Share this story

Franciscan Friar from Spokane Ordained a Deacon

Franciscan Friar from Spokane Ordained a Deacon

On Sept. 30, Friar Thomas Fetz, OFM Conv., was ordained a deacon at the National St. Maximillian Kolbe Shrine at Marytown, in Libertyville, Illinois. While the ordination was far from Eastern Washington, Fetz is familiar to many in the Spokane area. Friar Fetz grew up in the Spokane Valley, first attending St. Mary’s Parish in Spokane Valley and later the Cathedral of Our Lady of Lourdes. His family continues to attend at the cathedral. He graduated from Gonzaga Prep in 2007, but back then he was known as Braden Fetz.

After graduating from high school, Fetz attended the University of Washington. Part of the impetus for choosing UW was hearing one of the campus ministers, a Dominican named Father Thomas Kraft, preach at the cathedral. At UW, Fetz got to know Father Kraft, and Kraft was was influential in his vocation. Fetz said he was drawn to the religious life, and spent time with the Dominican friars in Seattle. He even was able to be present near the end of Father Thomas Kraft’s life. Kraft died in 2009 after a battle with cancer.

As Fetz explored his own vocation, he was drawn to the Conventual Franciscans and his friend, Sister Mary Eucharista, suggested he contact a Spokane native who was at that time in formation with the Conventual Franciscans in Chicago, David Gaines. While Gaines eventually discerned a calling to the diocesan priesthood and returned to Spokane, this connection helped Fetz find a home with the Midwest province of the Conventual Franciscans.

After graduating in three years from the University of Washington, Fetz entered religious life in 2010.

When asked if he had always intended to pursue a priestly vocation as a Franciscan, Friar Fetz said, “I entered with a strong sense of wanting priesthood, but I took my time through discernment to consider it.” As part of his formation as a Franciscan, he was given the opportunity to serve in a hospital setting, participating in what is called Clinical Pastoral Education. Friar Fetz said serving in the hospital had an impact on his own discernment. “I felt called to be a sacramental presence during that time,” he said.

Speaking about his experience in the Franciscans up to this point, Friar Fetz said, “One of the things about living in community is that we learn so much more about ourselves by being with so many different people with different backgrounds. We learn about strengths we didn’t know we have, and our weaknesses.” He continued, “The formation process has not always been easy, I have confronted many of my own wounds from the past, but the Lord has delivered me; every day I grow a little bit more aware of his deliverance.”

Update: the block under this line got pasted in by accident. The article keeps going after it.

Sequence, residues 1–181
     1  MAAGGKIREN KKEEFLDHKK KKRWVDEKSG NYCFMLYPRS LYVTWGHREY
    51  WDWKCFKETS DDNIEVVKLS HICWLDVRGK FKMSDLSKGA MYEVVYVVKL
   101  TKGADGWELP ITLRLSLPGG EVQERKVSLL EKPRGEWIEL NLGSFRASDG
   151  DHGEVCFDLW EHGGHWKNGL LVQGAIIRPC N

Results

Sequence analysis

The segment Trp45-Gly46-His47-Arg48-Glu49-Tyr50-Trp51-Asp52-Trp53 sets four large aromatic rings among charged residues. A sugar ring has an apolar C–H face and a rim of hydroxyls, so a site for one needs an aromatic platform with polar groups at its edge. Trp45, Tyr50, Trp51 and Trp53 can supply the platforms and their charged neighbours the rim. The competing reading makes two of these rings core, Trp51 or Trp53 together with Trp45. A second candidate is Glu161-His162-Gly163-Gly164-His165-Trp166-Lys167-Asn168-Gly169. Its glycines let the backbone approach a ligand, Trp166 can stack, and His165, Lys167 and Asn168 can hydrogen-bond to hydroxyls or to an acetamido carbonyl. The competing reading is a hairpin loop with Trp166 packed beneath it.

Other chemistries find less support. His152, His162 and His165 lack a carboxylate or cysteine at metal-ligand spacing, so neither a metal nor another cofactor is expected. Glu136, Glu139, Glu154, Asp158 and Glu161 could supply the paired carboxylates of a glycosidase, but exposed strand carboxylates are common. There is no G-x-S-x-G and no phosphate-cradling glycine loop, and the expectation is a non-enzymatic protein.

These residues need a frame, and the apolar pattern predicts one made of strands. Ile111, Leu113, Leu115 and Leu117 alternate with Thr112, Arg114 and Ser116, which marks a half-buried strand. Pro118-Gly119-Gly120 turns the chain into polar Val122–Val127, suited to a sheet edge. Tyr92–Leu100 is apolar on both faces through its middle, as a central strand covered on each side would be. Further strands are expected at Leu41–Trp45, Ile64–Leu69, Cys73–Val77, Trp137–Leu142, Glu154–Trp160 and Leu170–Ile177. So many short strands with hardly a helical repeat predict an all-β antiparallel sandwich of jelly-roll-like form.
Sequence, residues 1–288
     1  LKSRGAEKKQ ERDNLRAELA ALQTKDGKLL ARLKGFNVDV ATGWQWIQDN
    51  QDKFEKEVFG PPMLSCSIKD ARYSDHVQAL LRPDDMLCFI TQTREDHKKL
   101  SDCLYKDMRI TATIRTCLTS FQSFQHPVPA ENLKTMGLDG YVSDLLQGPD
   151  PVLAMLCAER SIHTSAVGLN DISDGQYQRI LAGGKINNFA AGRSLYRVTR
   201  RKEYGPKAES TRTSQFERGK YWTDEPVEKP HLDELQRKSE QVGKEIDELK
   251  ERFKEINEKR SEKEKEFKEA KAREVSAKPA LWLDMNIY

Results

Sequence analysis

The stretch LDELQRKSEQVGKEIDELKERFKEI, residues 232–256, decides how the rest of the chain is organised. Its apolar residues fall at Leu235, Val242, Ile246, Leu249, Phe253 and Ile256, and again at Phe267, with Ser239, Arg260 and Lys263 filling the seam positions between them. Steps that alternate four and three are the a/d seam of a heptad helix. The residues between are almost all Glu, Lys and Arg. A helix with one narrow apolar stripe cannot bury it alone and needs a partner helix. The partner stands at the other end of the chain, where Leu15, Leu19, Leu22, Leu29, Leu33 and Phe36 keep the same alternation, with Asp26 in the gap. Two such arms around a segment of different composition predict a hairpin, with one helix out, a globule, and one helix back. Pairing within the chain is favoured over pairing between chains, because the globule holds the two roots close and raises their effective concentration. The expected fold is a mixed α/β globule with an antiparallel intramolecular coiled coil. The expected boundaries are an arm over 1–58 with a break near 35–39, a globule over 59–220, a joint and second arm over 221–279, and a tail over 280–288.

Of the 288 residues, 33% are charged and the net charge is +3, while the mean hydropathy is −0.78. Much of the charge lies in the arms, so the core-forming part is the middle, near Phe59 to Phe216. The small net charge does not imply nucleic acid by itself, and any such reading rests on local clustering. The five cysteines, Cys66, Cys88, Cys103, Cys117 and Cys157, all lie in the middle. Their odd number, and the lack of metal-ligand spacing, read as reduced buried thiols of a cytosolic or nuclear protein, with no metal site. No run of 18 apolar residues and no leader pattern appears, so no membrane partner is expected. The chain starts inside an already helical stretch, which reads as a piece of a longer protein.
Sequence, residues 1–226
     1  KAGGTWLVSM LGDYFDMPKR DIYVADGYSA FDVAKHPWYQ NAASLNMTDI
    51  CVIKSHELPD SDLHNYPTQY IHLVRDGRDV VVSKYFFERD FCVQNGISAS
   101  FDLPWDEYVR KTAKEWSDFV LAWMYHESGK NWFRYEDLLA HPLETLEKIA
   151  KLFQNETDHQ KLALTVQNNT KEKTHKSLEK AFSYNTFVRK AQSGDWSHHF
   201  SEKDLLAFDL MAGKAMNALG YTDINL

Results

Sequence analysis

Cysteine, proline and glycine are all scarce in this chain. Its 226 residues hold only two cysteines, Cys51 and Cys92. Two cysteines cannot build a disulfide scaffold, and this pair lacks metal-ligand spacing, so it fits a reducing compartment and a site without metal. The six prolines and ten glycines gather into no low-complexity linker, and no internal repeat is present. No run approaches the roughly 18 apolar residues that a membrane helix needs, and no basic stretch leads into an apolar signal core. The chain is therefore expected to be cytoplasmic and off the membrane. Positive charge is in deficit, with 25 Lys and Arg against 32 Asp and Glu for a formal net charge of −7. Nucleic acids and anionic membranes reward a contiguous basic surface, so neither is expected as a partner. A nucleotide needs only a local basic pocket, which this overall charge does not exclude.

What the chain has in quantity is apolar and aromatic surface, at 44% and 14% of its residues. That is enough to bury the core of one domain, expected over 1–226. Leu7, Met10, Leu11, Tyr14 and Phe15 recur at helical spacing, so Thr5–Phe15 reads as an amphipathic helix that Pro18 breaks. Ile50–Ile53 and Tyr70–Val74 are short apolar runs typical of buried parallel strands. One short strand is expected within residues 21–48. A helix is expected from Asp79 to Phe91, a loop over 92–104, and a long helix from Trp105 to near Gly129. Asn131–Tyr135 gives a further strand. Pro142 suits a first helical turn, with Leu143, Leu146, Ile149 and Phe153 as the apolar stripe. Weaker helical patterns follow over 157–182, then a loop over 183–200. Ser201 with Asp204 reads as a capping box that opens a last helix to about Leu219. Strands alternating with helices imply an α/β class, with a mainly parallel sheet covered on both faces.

His reliance on the Lord in his vocation and life was a theme that Friar Fetz returned to as he described his ministry as a deacon so far, saying, “There is so much responsibility on the shoulders of the ordained. So much expected and so much needed.” He admitted the call can be intimidating for men considering priesthood or religious life. “Since ordination I have realized it’s not about what I cannot do, but what the Lord is doing,” he said. “The Lord provides.”

Friar Fetz continues to prepare for his ordination to the priesthood, which should take place in the summer of 2021. He offered a bit of advice for those discerning priesthood, religious life or marriage: “A frequent fear people have of those in discernment is that people will lose themselves. When following the call, we are made more authentically ourselves. A married couple becomes more authentically themselves. The same in religious live. In following the call, we find ourselves. I have become more authentically Thomas in following the call.”

If you are interested in learning more about vocations to the priesthood and religious life, visit If you are interested in learning more about a vocation to the Conventual Franciscan life, visit

Who are the Conventual Franciscans?

The Conventual Franciscans are one of the three branches of the Franciscan friars, who trace their roots back to St. Francis. The other two are the Order of Friars Minor, and the Capuchin Friars. The Conventual have sometimes been known as the Grey Friars for their grey habit. Some famous Conventual Franciscan saints include St. Maximillian Kolbe and St. Joseph of Cupertino. Learn more about the Conventual Franciscans at